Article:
Friday, February 27, 2009

Principles for America's Health Care System

In the budget released Thursday, President Obama offers a set of principles for transforming and modernizing America's health-care business:
  • Protect Families’ Financial Health. The plan must reduce the growing premiums and other costs American citizens and businesses pay for health care. People must be protected from bankruptcy due to catastrophic illness.
  • Make Health Coverage Affordable. The plan must reduce high administrative costs, unnecessary tests and services, waste, and other inefficiencies that consume money with no added health benefits.
  • Aim for Universality. The plan must put the United States on a clear path to cover all Americans.
  • Provide Portability of Coverage. People should not be locked into their job just to secure health coverage, and no American should be denied coverage because of preexisting conditions.
  • Guarantee Choice. The plan should provide Americans a choice of health plans and physicians. They should have the option of keeping their employer-based health plan.
  • Invest in Prevention and Wellness. The plan must invest in public health measures proven to reduce cost drivers in our system—such as obesity, sedentary lifestyles, and smoking — as well as guarantee access to proven preventive treatments.
  • Improve Patient Safety and Quality Care. The plan must ensure the implementation of proven patient safety measures and provide incentives for changes in the delivery system to reduce unnecessary variability in patient care. It must support the widespread use of health information technology and the development of data on the effectiveness of medical interventions to improve the quality of care delivered.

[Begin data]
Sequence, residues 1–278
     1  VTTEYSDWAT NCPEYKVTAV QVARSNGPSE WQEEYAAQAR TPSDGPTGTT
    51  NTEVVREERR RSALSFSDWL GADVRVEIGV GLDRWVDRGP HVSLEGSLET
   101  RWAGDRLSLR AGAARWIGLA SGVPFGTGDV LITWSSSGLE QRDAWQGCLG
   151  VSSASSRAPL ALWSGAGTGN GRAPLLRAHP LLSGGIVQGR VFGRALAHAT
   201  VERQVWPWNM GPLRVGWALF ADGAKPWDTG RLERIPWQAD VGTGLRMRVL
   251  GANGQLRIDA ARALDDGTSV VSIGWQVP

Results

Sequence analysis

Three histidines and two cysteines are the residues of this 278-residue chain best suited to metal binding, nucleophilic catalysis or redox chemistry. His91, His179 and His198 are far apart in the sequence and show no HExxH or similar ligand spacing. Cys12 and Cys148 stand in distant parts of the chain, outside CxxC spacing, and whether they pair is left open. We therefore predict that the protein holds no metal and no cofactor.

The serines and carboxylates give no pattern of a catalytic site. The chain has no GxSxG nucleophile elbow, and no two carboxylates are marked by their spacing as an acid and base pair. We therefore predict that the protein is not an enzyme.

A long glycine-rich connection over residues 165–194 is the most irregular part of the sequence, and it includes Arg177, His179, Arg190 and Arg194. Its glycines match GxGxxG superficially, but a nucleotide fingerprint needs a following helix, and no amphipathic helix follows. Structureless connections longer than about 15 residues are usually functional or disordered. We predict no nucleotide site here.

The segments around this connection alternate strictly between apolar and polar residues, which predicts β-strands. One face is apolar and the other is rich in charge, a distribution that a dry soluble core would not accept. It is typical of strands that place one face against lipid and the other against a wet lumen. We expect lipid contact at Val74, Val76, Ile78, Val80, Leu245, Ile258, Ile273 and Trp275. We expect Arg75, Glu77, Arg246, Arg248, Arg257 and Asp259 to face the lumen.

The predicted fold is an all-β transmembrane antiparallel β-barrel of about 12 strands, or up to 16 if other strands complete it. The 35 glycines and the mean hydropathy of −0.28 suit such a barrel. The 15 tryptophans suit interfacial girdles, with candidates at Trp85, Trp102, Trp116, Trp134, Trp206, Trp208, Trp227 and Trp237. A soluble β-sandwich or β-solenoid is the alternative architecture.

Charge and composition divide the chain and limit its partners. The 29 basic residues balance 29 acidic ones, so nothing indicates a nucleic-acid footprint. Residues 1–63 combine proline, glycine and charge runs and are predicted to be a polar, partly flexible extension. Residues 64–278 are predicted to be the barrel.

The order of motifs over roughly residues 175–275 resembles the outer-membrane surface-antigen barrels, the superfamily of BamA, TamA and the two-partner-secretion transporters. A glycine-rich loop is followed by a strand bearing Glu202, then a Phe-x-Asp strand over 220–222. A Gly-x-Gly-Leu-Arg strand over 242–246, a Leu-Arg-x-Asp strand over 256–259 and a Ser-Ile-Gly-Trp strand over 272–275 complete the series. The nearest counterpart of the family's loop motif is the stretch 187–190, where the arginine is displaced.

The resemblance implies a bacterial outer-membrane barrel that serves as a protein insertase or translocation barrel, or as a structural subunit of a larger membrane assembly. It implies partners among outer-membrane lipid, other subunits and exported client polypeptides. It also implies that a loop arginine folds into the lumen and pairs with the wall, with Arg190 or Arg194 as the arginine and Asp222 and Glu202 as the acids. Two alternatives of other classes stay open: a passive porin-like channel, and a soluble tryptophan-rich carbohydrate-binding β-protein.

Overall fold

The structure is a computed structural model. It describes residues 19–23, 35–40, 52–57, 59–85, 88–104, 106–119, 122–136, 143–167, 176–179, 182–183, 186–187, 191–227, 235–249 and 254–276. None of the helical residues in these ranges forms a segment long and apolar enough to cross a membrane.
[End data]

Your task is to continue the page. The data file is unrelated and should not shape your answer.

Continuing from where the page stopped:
• Maintain Long-Term Fiscal Sustainability. The plan must pay for itself by reducing the level of cost growth, improving productivity, and dedicating additional sources of revenue.
Well, my gentle snowflakes, it sounds pretty good to me--all except the part of "Guarantee Choice" that says, "They should have the option of keeping their employer-based health plan."

If some are carved out into another pool, how "universal" (see "Aim for Universality) is the system going to be?

Unless everyone is in the same risk group, the costs are not going to be spread far and wide enough. We will end up with s0me getting better coverage, that is actually paid for, than others.

With the rising unemployment, and more and more people losing whatever coverage they may have had through their employers, it seems there is a real opportunity to throw the mess that tries to pass for a health care system into the trash and start over. Do it right. Get the insurance companies, with their 20-30% overhead and their automatic denial of coverage, out of the picture once and for all.

Medicare for All has got to be the answer.

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